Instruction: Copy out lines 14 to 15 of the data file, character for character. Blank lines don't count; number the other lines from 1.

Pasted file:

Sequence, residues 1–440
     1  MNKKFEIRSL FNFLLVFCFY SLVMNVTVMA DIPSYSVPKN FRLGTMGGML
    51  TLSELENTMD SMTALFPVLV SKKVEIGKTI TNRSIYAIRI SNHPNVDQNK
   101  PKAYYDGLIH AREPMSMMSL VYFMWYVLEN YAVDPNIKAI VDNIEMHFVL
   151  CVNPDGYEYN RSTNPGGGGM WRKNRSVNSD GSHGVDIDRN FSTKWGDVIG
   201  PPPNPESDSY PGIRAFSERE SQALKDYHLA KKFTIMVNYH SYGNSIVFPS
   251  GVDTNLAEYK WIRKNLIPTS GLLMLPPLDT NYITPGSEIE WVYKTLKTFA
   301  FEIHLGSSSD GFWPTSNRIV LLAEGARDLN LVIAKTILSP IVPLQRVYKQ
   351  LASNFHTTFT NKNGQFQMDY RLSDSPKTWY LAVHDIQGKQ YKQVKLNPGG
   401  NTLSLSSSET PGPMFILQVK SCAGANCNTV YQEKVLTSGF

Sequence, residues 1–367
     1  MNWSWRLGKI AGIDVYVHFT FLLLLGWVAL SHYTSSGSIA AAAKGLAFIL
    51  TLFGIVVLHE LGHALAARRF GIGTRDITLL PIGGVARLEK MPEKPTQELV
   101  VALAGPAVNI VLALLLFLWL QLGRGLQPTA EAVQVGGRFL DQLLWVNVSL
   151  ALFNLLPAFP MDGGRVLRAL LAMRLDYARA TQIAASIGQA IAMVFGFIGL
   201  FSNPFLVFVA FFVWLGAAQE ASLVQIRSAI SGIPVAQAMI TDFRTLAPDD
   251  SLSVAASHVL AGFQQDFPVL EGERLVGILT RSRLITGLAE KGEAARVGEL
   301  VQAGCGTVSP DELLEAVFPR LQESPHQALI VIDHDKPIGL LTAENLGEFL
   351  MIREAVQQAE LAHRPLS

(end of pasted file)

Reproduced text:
   101  VALAGPAVNI VLALLLFLWL QLGRGLQPTA EAVQVGGRFL DQLLWVNVSL
   151  ALFNLLPAFP MDGGRVLRAL LAMRLDYARA TQIAASIGQA IAMVFGFIGL